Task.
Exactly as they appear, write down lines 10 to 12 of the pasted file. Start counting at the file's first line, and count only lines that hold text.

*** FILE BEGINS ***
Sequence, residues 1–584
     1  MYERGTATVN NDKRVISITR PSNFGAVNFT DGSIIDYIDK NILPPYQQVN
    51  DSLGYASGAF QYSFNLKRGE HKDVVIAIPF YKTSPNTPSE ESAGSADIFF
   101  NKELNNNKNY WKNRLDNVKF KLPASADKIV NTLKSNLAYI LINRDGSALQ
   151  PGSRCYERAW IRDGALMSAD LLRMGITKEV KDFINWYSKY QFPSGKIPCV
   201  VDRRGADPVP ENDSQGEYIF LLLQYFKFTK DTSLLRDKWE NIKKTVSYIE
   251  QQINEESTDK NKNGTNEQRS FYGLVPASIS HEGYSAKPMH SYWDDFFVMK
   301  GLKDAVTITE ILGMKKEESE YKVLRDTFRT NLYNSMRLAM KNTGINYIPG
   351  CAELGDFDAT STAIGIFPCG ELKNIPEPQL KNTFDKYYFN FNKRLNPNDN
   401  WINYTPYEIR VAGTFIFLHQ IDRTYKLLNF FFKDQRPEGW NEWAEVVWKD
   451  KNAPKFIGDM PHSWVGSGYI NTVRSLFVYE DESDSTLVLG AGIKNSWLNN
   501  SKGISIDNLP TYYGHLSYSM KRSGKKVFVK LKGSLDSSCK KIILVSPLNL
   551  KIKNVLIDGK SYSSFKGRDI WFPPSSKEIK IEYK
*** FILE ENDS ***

   401  WINYTPYEIR VAGTFIFLHQ IDRTYKLLNF FFKDQRPEGW NEWAEVVWKD
   451  KNAPKFIGDM PHSWVGSGYI NTVRSLFVYE DESDSTLVLG AGIKNSWLNN
   501  SKGISIDNLP TYYGHLSYSM KRSGKKVFVK LKGSLDSSCK KIILVSPLNL